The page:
Caleb Westphal hasn’t missed a Friday night fish fry since 2013. Follow along with his never-ending adventures here.
In the past, when I’ve thought of noteworthy history about the village of Grafton, I’ve thought of how it was the home of Paramount Records, the label that recorded blues artists such as Blind Lemon Jefferson, Son House, and Ma Rainey in the 1920s and ’30s. But with this week’s fish fry, I learned there is much more of note that happened in the area. It all started coming into focus after I came across Juice’s Ghost Town (990 Ulao Rd., 262-376-9003), where I ended up going with two of my friends who live in Grafton.
The ghost town referred to in the restaurant’s name is Ulao, which also was known as Port Ulao. Located between Grafton and Lake Michigan, Ulao sprang up in 1847, on account of James Gifford, who created a place for settlers to sell wood they had cut down while clearing land for farms. He built a 1,000-foot pier into Lake Michigan, and a chute that carried wood from the bluffs above to the beach below. Gifford sold the wood to the crews of wood-burning steamships that traversed the Great Lakes.
Shortly after Gifford started selling wood, a plank road was built from Ulao to just west of the Milwaukee River in Grafton. This is now where Ulao Road (County Highway Q) and Highway 60 are located. Juice’s Ghost Town is on Ulao Road.
In 1850, Captain John Randolph Howe took over Gifford’s operation. One of his sisters, Jane, was married to Luther Guiteau. They also lived in Ulao and had a young son named Charles. Charles Guiteau would later become infamous, after he shot President James Garfield in July of 1881. Garfield lingered for a few months before dying, and Ulao’s most noteworthy former resident was hanged the following year.
The village gradually began being abandoned following the Civil War. The main factor in Ulao becoming a ghost town was that steamships no longer needed wood for fuel, as the shift to coal was made. Yet, in the late 19th and early 20th centuries, some buildings were still being built, including the building that is now Juice’s Ghost Tavern, which was built in 1902. It was the Ulao Tavern and Dance Hall until about 1928. Since then it has had many owners and has gone by a few names, such as Ghost Town Tavern and the Ulao Inn. It has been Juice’s Ghost Town since 2005, when it was taken over by Mike “Juice” Gannon.
My friends and I arrived at the restaurant around 6:30 p.m. to find it completely packed. We squeezed through a crowd of people to get to the far side of the bar to put a name in, and were told it would be about a 45-minute wait. After getting an Old Fashioned—which had the largest cinnamon and spice flavored mushrooms I’ve ever had for a garnish—the coziness of the place took over. It was almost as if we were insulated from the outside world, with the carpeted floors and wood-covered walls protecting us.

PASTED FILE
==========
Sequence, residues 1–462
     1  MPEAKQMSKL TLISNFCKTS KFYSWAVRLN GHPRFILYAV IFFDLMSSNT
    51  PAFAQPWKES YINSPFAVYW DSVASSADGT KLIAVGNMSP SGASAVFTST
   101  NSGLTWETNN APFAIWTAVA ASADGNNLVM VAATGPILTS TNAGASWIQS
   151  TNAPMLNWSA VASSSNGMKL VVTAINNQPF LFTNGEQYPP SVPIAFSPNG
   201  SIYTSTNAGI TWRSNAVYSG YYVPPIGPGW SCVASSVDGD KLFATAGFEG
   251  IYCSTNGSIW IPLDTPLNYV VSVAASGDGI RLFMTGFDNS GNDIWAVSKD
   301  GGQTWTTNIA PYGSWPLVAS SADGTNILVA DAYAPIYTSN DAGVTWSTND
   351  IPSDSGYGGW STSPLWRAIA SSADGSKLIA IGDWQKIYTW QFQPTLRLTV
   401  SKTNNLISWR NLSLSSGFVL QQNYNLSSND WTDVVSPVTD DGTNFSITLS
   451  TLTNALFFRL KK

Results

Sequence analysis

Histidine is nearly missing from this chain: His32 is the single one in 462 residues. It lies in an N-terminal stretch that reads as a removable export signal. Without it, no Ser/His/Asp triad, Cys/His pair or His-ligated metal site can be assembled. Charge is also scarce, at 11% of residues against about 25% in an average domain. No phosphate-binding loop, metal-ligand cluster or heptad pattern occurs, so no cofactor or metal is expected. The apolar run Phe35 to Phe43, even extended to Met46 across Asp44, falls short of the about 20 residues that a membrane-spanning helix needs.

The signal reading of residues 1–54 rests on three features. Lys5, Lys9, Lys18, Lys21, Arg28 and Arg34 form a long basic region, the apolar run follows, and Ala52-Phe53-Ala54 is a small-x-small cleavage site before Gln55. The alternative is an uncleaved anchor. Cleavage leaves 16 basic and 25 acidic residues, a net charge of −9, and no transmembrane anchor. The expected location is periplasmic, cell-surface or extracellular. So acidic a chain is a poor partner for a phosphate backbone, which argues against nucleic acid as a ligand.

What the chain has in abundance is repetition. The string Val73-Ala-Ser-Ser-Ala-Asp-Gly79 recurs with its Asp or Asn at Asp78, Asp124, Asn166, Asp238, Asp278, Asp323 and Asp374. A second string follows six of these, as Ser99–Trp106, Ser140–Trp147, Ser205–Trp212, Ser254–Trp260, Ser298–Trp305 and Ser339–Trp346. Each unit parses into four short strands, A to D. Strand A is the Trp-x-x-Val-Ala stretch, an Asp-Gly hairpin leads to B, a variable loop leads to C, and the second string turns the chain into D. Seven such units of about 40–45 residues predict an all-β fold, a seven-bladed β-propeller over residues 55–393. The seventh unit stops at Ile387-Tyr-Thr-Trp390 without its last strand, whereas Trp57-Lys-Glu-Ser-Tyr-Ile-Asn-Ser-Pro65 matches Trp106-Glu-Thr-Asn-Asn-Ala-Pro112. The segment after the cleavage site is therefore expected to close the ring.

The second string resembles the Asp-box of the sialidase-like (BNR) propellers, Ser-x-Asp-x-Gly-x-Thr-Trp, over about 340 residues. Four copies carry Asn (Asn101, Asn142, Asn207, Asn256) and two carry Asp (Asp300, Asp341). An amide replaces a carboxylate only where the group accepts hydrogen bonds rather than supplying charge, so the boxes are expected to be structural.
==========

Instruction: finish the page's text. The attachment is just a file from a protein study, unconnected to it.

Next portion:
Over the bar hung three green lamps; the one in the middle had a Packers logo on it, while the two on the ends were covered with dairy cows. People were eating at a few tables in the bar room, as well as in the small dining room connected to it. Unbeknownst to us, there was another, even smaller dining room near the kitchen, that couldn’t be seen by looking into the main dining room. It was in this smaller dining room where we were seated after about an hour wait.
Fish options include breaded or beer battered perch ($14.50/ extra piece $4.00), breaded or beer battered haddock ($11.50/ extra piece $2.00), and breaded or beer battered walleye ($14.50). The fish is also available broiled or pan fried. Potato options include french fries or baked potato, or homemade potato pancakes for an extra dollar.
I ordered the haddock, and asked if it was possible to get both beer battered and breaded with the order. I was told this may be possible, but there wasn’t any guarantee. (In hindsight, I should have ordered either one or the other, and then ordered an extra piece of the opposite type for $2.) I went with the potato pancakes, and added on a cup of seafood chowder.
The chowder was pretty typical, but unique in that it had yellow, red, and green bell peppers. I ended up with two pieces of breaded fish, and traded one of them for a beer battered one from one of my friends. The breading was made with the smallest of crumbs, and both types of fish had a similar, mild flavor. The fish was appetizing, and I ordered a third piece, but there was nothing particularly remarkable about it to set it above the pack. The tartar sauce was okay, but again, there was nothing that made it memorable.
Rounding out the meal, the potato pancakes had an amazingly soft inside, almost like mashed potatoes. They had a crispier outside, with a varying shape. The coleslaw was of high quality, being extra creamy and thick. The meal came with a pretty decent piece of marble rye as well.
I was feeling pretty satisfied and relaxed by the end of the meal, but I knew there was one more thing I had to do. I drove about a half mile down Ulao Road and turned around in the driveway of the Guiteau family home. Is this something people often do after their meals at Juice’s? Probably not, but I wasn’t going to pass up the chance. It’s not every day you get a fish fry in a ghost town.
Takeaways: The restaurant is located in a ghost town; the ambiance is hard to beat; decent fish and pancakes; so-so tartar; a fine creamy slaw; after your fish fry, you can drive by a house where a presidential assassin lived as a child.